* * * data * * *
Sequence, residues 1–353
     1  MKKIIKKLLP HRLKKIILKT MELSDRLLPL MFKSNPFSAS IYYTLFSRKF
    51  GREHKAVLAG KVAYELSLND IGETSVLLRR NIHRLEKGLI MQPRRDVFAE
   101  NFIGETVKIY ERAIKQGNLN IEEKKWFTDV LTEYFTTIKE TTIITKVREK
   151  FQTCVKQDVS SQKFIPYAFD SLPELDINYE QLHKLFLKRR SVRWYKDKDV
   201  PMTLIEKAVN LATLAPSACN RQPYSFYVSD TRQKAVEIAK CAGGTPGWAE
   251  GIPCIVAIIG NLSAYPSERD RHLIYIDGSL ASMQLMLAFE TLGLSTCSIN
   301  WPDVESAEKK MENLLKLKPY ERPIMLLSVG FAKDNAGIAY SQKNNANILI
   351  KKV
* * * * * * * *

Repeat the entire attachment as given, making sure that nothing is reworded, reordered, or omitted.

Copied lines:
Sequence, residues 1–353
     1  MKKIIKKLLP HRLKKIILKT MELSDRLLPL MFKSNPFSAS IYYTLFSRKF
    51  GREHKAVLAG KVAYELSLND IGETSVLLRR NIHRLEKGLI MQPRRDVFAE
   101  NFIGETVKIY ERAIKQGNLN IEEKKWFTDV LTEYFTTIKE TTIITKVREK
   151  FQTCVKQDVS SQKFIPYAFD SLPELDINYE QLHKLFLKRR SVRWYKDKDV
   201  PMTLIEKAVN LATLAPSACN RQPYSFYVSD TRQKAVEIAK CAGGTPGWAE
   251  GIPCIVAIIG NLSAYPSERD RHLIYIDGSL ASMQLMLAFE TLGLSTCSIN
   301  WPDVESAEKK MENLLKLKPY ERPIMLLSVG FAKDNAGIAY SQKNNANILI
   351  KKV